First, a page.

The criminality under this section does not lie on the thing said or done but in the manner it has been said or done. It is not necessary to prove that enmity or hatred was in fact caused; it is enough that the language was calculate to promote the same. The matter, on the basis of which the charge under this section has been brought, must be read as a whole and not in piecemeal.
If the matter is in the form of a writing, it is relevant to know for whom was the writing meant to be written. It is no defence to say that the writing gave a truthful account of some event because the important thing is that the language and the way of presentation should be such as not to attempt to promote disharmony or feelings of enmity, hatred or ill-will.
It may, however, be difficult to prove such a tendency with respect to a truthful presentation of some incident. The word ‘promotes’ means to contribute to the growth, to advance, to excite, to further, to advance, to urge, to forward or to incite. ‘Causing’ implies an effect but ‘presenting’ does not imply the same. Promotion may fail in its object. ‘Promotes’ or ‘attempts to promote’ are intended to mean a successful or unsuccessful promotion of the feelings mentioned in the section.
Constitutionality of the section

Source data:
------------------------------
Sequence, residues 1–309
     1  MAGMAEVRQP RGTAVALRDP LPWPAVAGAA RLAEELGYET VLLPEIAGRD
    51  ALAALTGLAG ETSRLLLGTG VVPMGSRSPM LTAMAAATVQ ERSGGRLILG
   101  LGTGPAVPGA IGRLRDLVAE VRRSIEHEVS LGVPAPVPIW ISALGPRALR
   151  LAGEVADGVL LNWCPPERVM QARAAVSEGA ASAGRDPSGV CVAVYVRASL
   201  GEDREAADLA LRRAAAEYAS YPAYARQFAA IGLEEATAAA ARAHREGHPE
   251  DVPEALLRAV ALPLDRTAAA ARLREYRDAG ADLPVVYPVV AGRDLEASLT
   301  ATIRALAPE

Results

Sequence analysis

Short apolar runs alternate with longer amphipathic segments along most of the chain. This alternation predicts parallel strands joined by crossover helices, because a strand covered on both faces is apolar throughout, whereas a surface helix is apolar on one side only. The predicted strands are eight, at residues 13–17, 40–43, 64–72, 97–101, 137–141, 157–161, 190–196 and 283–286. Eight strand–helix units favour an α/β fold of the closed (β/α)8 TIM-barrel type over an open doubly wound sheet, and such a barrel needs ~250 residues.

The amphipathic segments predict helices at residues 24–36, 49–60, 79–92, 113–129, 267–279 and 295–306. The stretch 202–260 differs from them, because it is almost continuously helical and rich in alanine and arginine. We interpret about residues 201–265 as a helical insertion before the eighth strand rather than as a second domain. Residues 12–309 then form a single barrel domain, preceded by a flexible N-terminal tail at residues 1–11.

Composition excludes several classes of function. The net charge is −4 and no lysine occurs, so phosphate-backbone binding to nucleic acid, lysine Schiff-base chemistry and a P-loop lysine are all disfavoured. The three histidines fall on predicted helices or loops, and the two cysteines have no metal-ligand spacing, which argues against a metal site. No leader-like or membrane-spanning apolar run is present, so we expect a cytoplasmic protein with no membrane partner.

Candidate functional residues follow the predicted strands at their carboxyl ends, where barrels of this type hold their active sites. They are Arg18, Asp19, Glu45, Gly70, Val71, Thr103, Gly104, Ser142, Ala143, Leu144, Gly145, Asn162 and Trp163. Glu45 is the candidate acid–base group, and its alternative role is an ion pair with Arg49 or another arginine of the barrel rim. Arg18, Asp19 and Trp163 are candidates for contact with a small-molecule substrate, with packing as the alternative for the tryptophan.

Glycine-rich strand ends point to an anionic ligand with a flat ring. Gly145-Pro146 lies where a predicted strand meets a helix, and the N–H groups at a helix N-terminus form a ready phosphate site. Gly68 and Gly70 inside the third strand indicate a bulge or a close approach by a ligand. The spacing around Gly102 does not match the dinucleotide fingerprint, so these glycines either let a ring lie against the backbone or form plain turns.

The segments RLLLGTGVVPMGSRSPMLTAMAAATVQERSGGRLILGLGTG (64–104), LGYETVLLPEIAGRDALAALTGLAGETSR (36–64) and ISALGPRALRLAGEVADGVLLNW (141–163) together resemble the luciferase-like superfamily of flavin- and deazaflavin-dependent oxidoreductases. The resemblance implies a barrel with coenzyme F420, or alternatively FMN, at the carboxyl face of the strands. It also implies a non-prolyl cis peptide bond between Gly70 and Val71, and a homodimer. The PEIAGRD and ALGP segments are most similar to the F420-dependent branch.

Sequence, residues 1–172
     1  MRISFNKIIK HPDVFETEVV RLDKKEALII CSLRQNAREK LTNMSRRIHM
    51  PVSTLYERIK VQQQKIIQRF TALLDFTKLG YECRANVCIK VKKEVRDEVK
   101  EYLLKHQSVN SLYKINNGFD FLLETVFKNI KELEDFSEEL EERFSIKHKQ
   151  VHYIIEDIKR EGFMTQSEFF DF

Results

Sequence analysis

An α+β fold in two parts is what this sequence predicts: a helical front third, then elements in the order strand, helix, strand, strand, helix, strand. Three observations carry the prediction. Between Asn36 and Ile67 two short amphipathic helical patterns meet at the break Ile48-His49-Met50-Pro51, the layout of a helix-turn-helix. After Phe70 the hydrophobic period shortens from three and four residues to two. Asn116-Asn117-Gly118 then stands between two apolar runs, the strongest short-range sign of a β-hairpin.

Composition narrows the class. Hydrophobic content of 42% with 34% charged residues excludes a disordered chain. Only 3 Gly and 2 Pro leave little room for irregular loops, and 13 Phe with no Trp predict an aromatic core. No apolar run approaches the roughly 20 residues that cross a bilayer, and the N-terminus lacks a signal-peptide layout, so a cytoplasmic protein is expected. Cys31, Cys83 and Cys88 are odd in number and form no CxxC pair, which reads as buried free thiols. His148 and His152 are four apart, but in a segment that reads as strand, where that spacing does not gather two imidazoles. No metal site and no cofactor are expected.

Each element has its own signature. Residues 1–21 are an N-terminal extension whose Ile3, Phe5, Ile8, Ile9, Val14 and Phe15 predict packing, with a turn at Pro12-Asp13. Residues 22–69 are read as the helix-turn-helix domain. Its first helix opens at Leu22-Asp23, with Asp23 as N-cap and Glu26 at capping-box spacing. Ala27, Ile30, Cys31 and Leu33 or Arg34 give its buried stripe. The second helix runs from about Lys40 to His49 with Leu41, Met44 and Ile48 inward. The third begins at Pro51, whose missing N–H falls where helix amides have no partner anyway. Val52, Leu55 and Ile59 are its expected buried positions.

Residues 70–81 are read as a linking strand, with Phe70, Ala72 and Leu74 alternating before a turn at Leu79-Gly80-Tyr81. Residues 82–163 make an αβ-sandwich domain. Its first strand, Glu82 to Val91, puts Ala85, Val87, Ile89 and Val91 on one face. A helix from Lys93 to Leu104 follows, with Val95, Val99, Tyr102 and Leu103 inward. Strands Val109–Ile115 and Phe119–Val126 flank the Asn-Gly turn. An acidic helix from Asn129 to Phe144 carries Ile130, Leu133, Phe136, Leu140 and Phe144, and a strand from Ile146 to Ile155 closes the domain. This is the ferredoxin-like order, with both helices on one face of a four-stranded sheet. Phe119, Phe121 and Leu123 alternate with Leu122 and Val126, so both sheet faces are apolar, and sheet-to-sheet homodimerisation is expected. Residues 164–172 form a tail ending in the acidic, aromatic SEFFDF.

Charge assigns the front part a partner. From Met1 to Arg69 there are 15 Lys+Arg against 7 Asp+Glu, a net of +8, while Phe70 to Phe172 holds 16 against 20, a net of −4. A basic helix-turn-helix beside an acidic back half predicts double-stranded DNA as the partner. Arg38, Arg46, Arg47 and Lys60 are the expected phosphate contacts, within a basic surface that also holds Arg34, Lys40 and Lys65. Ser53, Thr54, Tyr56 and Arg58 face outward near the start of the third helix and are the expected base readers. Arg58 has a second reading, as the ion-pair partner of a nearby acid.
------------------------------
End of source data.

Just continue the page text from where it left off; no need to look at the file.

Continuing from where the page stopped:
Whether section 153-A of the Code is constitutional or not was the main question in Tara Singh v. State, in which it was held that this provision violated the freedom of speech and expression guaranteed by Article 19
(1) (a) of the Constitution and hence was unconstitutional. However, with the insertion of the expression ‘in the interest of public order’ in Article 19 (2) vide the Constitution (First Amendement) Act, 1951, the section is now perfectly constitutional, being a reasonable restriction on this freedom.
Where a book contained criticism of some facts of Hindu religion such as the prevalence of untouchability and bad treatment of backward classes and low caste people, the writer could not be held guilty of the offence under section 153-A or 295-A of the Code as the impression gathered from reading the book as a whole is important and not passages here and there and out of context. Therefore, the order forfeiting the book was held to be bad in law.
The Bombay High Court has held that where a writer is not loyal to history, it may be easier to prove that perhaps he was guided by other considerations, and his end might have been to promote enmity or disharmony. But the fact that a writer has adhered to history does not necessarily afford him defence if his publication has a tendency to spread hatred or ill-will.